Could we have some info on cat bites. The fear seemed dubious to me, but I'm no expert. UK's NHS [seems] to imply a misinterpretation of facts -- 23:36, 21 December 2016 (UTC)

I'd like to point out that I'm 32 and I STILL don't know the words to The Twelve Days of Christmas because IT'S DIFFERENT EVERY TIME I HEAR THEM FROM A DIFFERENT PERSON! - 08:34, 22 December 2016 (UTC)

Twelve drummers drumming
Eleven pipers piping
Ten lords a leaping
Nine ladies dancing
Eight maids a milking
Seven swans a swimming
Six geese a laying
Four calling birds
Three french hens
Two turtle doves
And a partriiidge in a peear treeeee NotLock (talk) 04:47, 24 December 2016 (UTC)

Stop, Drop, Roll might be a US thing - grown up in the UK and I've never heard that until today. Do kids tend to catch fire a lot over there? I have to say, barring Claudia Winkleman's daughter, I can't remember much press ever about children getting burnt, and even then the issues always seem to have focused around the quality of the fabric and regulating the fire-retardant properties of children's clothes (e.g. BS 5722 for nightwear)? Has there been some historic media hysteria on this subject in the US? (talk) (please sign your comments with ~~~~)

Was thinking the same. Never heard of "Stop, Drop and Roll" either (growing up in Germany). Never had been taught to "Duck and Cover", either. 12:35, 22 December 2016 (UTC)
America is safety conscious in the weirdest ways. E. G., we teach stop drop and roll, but not a more practical explanation of how to really prevent home fires (the only fire prevention stuff I can remember as a kid is how to prevent forest fires). I work in a school, and parents threw a hiss fit when the front doors weren't locked and thus they worried about their child's safety. The doors are glass.

What I'm essentially trying to say is America makes no sense. While most people have mass on Saturday, I have mine relative to my inertia (talk) 12:55, 22 December 2016 (UTC)

It's from a series of PSAs they did back in the late 80s, early 90s I think, but has gotten to be a sort-of easy thing to teach to little kids in general. <Teacher> 'What do you do if your clothes catch on fire?' <Class> 'Stop, Drop, and Roll!' -Graptor 16:32, 24 December 2016 (UTC)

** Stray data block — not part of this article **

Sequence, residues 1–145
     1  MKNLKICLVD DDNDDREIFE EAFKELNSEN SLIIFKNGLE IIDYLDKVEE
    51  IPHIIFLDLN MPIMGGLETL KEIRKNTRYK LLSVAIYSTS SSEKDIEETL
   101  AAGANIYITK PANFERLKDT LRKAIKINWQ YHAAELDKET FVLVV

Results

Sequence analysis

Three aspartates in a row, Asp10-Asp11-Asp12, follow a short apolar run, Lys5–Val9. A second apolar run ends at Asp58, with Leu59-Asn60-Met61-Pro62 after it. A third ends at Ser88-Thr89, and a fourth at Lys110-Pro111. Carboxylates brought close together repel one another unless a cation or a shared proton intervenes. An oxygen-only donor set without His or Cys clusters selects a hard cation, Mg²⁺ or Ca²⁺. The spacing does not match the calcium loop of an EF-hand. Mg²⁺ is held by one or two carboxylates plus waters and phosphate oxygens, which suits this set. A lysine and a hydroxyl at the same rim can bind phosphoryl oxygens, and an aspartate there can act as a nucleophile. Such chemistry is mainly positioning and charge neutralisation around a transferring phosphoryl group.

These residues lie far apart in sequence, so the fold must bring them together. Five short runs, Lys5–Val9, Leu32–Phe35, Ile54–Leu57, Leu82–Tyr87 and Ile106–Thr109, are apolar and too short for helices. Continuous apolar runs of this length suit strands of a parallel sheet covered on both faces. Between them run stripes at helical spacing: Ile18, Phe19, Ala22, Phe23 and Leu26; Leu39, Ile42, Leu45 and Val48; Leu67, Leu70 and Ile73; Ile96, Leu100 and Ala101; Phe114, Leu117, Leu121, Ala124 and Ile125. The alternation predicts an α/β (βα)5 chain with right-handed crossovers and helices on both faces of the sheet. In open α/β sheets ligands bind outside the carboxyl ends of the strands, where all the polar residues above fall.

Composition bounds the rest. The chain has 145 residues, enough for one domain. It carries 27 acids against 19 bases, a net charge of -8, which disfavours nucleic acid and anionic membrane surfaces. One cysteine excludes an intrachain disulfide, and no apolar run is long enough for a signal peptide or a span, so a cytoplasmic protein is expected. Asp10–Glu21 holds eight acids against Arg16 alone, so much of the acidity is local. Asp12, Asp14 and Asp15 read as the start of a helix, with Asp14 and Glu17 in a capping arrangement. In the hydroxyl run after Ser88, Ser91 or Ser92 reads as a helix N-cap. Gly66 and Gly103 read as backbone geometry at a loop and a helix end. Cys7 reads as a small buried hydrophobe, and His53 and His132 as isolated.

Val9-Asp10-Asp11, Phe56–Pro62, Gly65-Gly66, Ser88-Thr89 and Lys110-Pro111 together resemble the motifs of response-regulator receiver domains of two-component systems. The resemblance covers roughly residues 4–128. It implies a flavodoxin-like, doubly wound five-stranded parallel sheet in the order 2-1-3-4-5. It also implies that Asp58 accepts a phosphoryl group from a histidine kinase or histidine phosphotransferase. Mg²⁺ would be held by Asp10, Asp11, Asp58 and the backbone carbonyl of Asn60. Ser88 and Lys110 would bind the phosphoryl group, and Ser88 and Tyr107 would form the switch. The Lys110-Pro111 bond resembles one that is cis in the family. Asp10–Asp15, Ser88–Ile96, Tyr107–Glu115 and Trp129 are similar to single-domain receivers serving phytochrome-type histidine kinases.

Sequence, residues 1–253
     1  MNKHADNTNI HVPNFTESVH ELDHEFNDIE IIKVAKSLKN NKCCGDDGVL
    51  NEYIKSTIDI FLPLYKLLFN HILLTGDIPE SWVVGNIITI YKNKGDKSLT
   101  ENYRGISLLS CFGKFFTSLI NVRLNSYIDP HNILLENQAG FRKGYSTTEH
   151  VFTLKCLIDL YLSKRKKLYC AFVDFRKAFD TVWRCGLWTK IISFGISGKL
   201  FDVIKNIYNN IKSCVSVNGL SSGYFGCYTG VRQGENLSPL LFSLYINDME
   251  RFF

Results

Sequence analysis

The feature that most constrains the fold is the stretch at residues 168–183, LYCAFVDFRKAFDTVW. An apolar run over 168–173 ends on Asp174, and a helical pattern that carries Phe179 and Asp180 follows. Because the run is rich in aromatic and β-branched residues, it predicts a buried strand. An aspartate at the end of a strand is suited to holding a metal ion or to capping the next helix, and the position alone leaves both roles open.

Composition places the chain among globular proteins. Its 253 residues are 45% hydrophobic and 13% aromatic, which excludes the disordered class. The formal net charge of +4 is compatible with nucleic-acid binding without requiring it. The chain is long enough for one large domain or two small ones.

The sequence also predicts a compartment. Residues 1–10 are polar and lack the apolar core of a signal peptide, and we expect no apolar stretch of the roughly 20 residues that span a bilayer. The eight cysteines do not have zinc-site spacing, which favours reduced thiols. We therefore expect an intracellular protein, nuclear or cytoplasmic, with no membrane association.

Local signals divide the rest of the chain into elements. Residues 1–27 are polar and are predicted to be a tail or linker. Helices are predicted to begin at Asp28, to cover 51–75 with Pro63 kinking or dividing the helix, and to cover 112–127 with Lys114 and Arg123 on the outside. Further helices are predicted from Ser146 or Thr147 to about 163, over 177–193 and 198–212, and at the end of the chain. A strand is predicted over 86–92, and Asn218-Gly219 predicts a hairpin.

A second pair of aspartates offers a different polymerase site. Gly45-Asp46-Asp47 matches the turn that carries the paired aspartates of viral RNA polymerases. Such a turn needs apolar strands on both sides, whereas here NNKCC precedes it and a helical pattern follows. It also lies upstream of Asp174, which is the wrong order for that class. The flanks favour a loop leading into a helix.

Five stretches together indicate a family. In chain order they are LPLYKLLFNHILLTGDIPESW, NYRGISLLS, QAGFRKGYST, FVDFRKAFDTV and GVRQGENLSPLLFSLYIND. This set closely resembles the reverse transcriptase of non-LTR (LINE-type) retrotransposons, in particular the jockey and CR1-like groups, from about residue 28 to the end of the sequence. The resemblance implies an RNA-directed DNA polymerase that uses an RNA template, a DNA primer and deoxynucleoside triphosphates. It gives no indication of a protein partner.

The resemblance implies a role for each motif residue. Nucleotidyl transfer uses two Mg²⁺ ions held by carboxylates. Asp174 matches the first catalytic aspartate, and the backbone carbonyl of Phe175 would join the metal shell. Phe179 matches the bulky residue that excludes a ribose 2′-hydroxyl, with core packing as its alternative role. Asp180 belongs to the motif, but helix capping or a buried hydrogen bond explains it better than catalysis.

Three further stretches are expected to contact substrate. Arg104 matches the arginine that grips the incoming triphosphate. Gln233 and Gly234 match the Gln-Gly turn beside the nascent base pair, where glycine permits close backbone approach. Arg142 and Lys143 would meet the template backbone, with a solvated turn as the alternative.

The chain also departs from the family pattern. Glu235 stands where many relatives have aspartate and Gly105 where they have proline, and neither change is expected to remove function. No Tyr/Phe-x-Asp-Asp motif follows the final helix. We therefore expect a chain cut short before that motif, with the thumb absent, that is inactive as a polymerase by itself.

I'm surprised that hiding under your school desk if there is an atomic bomb attack wasn't included somewhere. These Are Not The Comments You Are Looking For (talk)

They don't teach that anymore. 04:42, 29 December 2016 (UTC)

12 Days of Christmas is wrong, nobody remembers the nine ladies dancing [citation needed] 14:00, 4 January 2017 (UTC)

So wait, does the comic refer to how difficult it is to grow up while avoiding something (as in it's basically everywhere and you'd have to be *really* ignorant to not notice it), or how difficult it is to live a normal life without knowing a required skill (as in you're just screwed)? Or something. 23:55, 11 September 2017 (UTC)

  • Both. "How bad it is if you don't know" is the second, and "how easy it is to grow up without knowing" is the first. 01:33, 5 December 2021 (UTC)

As of 2021, most people now know that it is better to cough into your elbow.

Interesting that 'cough into your elbow' is now outdated. (/\that comment isn't mine). Beanie (talk) 10:17, 9 March 2021 (UTC)

Really? My family didn't use the dryer often, so I never learned there was a lint trap in the first place. 01:33, 5 December 2021 (UTC)